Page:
New Russian military doctrine says NATO top threat

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Vladimir Putin Signs New Military Doctrine

MOSCOW (AP) -- Russia named NATO's military buildup near its border as the main military threat and raised the possibility of using precision conventional weapons as a "strategic deterrent," according to the nation's new military doctrine signed by President Vladimir Putin Friday.

NATO flatly denied it was a threat to Russia, and accused Russia of undermining European security.

The new doctrine, which comes amid Russia-West tensions over Ukraine, maintains the provisions of the previous, 2010 edition of the military doctrine regarding the use of nuclear weapons.

It says Russia could use nuclear weapons in retaliation to the use of nuclear or other weapons of mass destruction against it or its allies, and also in case of aggression involving conventional weapons that "threatens the very existence" of the Russian state.

But for the first time, the new doctrine says that Russia could use precision weapons "as part of strategic deterrent measures," without spelling out when and how Moscow could resort to them.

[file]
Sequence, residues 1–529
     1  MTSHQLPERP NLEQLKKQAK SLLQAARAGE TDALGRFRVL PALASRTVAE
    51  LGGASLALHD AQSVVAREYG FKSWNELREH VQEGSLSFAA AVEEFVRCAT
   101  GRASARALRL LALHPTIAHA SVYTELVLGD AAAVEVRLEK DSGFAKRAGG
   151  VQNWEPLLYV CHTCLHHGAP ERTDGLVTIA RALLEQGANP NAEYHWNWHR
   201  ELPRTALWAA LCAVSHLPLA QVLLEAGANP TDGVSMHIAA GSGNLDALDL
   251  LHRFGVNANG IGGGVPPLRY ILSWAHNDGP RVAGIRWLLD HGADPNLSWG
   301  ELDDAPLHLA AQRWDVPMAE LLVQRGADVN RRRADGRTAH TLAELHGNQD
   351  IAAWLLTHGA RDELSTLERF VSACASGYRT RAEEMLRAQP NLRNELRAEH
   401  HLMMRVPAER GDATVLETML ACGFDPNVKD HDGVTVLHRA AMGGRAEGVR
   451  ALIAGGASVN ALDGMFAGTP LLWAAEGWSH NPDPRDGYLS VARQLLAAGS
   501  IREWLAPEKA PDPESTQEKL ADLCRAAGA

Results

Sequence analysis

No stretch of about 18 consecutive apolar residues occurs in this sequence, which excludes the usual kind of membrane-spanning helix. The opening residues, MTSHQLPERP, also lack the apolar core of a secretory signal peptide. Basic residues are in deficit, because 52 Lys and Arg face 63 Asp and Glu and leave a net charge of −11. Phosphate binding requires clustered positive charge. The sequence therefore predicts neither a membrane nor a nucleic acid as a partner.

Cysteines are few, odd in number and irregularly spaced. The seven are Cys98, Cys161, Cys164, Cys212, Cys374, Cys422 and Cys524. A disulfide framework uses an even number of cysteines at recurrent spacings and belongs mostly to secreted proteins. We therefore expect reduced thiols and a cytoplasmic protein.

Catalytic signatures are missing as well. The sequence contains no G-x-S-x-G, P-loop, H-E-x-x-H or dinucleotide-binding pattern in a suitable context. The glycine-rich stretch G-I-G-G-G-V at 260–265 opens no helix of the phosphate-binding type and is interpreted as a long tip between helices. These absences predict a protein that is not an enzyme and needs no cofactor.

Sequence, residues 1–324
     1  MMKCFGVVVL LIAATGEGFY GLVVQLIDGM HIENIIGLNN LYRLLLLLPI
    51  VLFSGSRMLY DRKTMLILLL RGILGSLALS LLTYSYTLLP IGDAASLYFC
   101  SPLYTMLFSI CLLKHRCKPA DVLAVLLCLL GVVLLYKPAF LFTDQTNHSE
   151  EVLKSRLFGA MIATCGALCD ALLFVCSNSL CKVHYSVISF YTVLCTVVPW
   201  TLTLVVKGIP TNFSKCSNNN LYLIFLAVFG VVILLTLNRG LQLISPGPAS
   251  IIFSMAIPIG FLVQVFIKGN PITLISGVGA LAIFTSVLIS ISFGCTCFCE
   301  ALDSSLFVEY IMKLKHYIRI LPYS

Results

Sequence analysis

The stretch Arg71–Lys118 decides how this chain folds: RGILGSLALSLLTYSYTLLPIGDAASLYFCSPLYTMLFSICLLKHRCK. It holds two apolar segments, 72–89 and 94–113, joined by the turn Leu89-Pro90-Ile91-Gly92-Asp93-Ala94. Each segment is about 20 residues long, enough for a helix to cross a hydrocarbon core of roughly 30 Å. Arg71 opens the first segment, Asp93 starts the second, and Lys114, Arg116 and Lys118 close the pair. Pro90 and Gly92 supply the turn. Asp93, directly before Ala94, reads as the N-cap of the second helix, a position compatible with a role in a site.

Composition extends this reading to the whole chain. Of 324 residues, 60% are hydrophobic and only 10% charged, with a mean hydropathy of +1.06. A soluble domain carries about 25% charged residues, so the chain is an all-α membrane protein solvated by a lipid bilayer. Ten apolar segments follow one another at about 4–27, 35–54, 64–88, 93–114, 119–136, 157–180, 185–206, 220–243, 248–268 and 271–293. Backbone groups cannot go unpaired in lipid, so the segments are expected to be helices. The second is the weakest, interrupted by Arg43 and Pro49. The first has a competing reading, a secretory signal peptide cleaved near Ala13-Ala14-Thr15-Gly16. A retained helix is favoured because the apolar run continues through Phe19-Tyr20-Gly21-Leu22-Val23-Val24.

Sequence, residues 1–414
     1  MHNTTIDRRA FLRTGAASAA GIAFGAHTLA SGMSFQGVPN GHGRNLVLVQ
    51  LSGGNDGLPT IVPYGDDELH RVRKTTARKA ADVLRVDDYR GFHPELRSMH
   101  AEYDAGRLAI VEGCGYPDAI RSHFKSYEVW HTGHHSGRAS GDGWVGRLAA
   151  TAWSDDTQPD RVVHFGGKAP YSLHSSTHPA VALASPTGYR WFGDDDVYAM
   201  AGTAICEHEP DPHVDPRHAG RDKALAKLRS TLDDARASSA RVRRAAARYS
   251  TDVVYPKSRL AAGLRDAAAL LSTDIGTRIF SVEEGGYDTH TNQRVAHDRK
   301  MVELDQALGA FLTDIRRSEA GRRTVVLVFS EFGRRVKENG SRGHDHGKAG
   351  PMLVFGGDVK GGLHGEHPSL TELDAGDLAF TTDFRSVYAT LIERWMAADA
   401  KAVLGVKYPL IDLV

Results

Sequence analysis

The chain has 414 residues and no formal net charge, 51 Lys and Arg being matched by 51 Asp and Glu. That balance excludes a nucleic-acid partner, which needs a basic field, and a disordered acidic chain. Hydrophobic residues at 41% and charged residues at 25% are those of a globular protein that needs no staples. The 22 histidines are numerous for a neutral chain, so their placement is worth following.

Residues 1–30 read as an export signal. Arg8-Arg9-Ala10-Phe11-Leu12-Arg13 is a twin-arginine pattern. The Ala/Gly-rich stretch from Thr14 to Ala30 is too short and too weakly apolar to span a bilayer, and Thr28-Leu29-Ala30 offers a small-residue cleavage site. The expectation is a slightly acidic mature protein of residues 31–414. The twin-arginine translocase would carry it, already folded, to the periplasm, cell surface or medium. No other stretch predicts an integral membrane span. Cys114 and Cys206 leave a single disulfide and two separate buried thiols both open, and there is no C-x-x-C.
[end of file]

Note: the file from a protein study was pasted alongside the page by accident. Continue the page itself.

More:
The doctrine placed "a buildup of NATO military potential and its empowerment with global functions implemented in violation of international law, the expansion of NATO's military infrastructure to the Russian borders" on top of military threats to Russia.

It pointed that that the deployment of foreign military forces on the territory of Russia's neighbors could be used for "political and military pressure."

NATO spokeswoman Oana Lungescu responded by saying in a statement that the alliance "poses no threat to Russia or to any nation."

"Any steps taken by NATO to ensure the security of its members are clearly defensive in nature, proportionate and in compliance with international law," she said. "In fact, it is Russia's actions, including currently in Ukraine, which are breaking international law and undermining European security."

Russia's relations with the West have plummeted to their lowest level since the Cold War times, and NATO cut off its ties with Russia after it annexed Ukraine's Crimean Peninsula in March. Ukraine and the West also have accused Moscow of fueling a pro-Russia insurgency in eastern Ukraine with troops and weapons, accusations the Kremlin has denied.

The U.S. and the European Union have responded by slapping sanctions against Moscow, which have deepened Russia's economic woes and contributed to a sharp devaluation of the ruble.

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